A mosaic in one of the rich homes of Sepphoris that dates to Jesus’ era
Galilee was called “Galilee of the Gentiles” in Matthew 4:14-15 for a reason. This will be explained better in my documentary segment 4 weeks from now, about the Sea of Galilee. For now, I’m mentioning this in connection with the Hellenists. The Hellenists were worldly Jews that lived among the heathens in the numerous big, worldly, opulent cities of ancient Palestine. Archaeologists are discovering these cities now, built (or made fancier) by Herod. They were why he gained his famous title “the Great.” He wasn’t “great” for doing great things—he was in fact extremely oppressive. But he was a great builder and became famous for all the building projects he undertook.
Herod wanted his subjects to love and adore him. That was impossible to achieve with the majority of Jews because he wasn’t a Jew and he was oppressive. He strove to please them before he died by building them an elaborate temple, but if he pleased anyone, it would be only the worldly Jews and the rich.
Sepphoris was another worldly, opulent city 4 miles north of Nazareth. It was being built while Jesus grew up. Many scholars speculate Jesus and his father worked in Sepphoris since they were carpenters. In my documentary published today, I give the history of Sepphoris, which explains why I don’t believe Jesus and his family ever went there. Another reason I believe no one from Nazareth ever went there is the reaction of Christ’s neighbours and relatives to his sermon in Nazareth, recorded in Luke 4:14-30.
Jesus read from Isaiah 61:1-2 (Septuagint) and Isaiah 58:6. At first “all spoke well of him and were amazed at the gracious words…from his lips.” Why did they suddenly become enraged and want to stone Jesus? Because Jesus eventually added,
no prophet is accepted in his hometown. I assure you that there were many widows in Israel in Elijah’s time, when the sky was shut for three and a half years and there was a severe famine throughout the land. Yet Elijah was not sent to any of them, but to a widow in Zarephath in the region of Sidon. And there were many in Israel with leprosy in the time of Elisha the prophet, yet not one of them was cleansed—only Naaman the Syrian.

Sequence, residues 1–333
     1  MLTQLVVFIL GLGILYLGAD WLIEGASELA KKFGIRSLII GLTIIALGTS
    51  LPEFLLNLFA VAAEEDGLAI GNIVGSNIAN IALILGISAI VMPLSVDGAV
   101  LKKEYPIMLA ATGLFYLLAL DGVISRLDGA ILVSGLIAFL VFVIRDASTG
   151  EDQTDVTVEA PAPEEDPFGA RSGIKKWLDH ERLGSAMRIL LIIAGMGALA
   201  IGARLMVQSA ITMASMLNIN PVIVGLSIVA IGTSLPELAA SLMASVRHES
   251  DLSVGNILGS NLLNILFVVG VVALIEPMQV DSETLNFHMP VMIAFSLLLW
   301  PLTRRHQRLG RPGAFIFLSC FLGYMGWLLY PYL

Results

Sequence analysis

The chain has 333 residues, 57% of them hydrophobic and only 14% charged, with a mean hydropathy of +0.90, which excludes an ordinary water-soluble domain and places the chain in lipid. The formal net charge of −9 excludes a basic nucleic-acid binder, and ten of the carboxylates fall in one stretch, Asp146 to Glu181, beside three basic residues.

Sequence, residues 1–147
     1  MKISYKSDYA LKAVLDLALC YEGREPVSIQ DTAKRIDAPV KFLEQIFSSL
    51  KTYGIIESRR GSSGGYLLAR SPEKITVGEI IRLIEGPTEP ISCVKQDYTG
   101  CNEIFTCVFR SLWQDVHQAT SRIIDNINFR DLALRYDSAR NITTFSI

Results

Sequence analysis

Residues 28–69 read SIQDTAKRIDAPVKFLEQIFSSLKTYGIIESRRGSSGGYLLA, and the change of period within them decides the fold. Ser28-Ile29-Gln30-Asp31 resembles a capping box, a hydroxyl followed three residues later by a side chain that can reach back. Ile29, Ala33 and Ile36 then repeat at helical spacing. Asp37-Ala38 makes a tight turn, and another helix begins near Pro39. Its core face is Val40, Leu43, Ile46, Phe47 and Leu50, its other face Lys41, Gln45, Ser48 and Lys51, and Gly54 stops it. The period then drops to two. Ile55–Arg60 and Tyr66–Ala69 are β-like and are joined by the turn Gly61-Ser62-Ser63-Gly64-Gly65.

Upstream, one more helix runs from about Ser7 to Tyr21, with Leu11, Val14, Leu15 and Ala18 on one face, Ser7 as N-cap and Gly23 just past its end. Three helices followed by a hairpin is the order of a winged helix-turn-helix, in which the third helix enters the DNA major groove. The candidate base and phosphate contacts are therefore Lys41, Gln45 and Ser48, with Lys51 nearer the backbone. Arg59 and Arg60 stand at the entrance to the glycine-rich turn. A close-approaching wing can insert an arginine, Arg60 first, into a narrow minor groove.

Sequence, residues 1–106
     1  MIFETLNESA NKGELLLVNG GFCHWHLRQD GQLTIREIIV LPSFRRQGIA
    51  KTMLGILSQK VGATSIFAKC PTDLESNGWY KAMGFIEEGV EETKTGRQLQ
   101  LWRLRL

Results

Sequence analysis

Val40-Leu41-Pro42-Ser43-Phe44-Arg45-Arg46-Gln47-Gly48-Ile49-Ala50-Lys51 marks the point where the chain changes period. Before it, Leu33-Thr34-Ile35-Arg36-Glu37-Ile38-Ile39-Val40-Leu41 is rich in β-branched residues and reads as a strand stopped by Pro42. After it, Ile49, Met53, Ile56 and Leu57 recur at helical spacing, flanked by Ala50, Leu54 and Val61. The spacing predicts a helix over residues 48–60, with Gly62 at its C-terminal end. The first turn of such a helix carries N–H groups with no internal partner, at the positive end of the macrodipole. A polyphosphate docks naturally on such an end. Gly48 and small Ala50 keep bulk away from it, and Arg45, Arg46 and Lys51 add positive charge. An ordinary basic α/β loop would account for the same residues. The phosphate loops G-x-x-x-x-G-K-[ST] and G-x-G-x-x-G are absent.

The very idea of their Messiah being sent to the heathens! Riotous self-righteous anger united them. Their indignation burned against the heathens so it wasn’t enough to wait until the end of Christ’s sermon to take him aside and reprove him in private. It wasn’t even enough to chastise him publicly or evict him from the town. They amassed to kill him on the spot, without even a trial.
Jesus was never bullied into doing anything he wasn’t called to do, but he did say to the Canaanite woman he was “sent only to the lost sheep of Israel.” This was a test of her faith (cp. verse 28). But it also revealed a directive for his ministry in general. The Hellenists in Sepphoris had a remnant of religious rituals to tie them to their roots—mikvahs. These are explained in my documentary. But like so many who have unread Bibles in their homes today, or those who go to church twice a year to “do their part,” the Hellenists didn’t practice Judaism much beyond their ritual cleansing. Nor do I believe Jesus went out of his way to speak to them.
Is your religious practice like the Hellenists? Or do you have self-righteous anger at the thought of God possibly drawing any of your enemies to himself?
I took the above picture in Sepphoris (today called Zippori), 2004.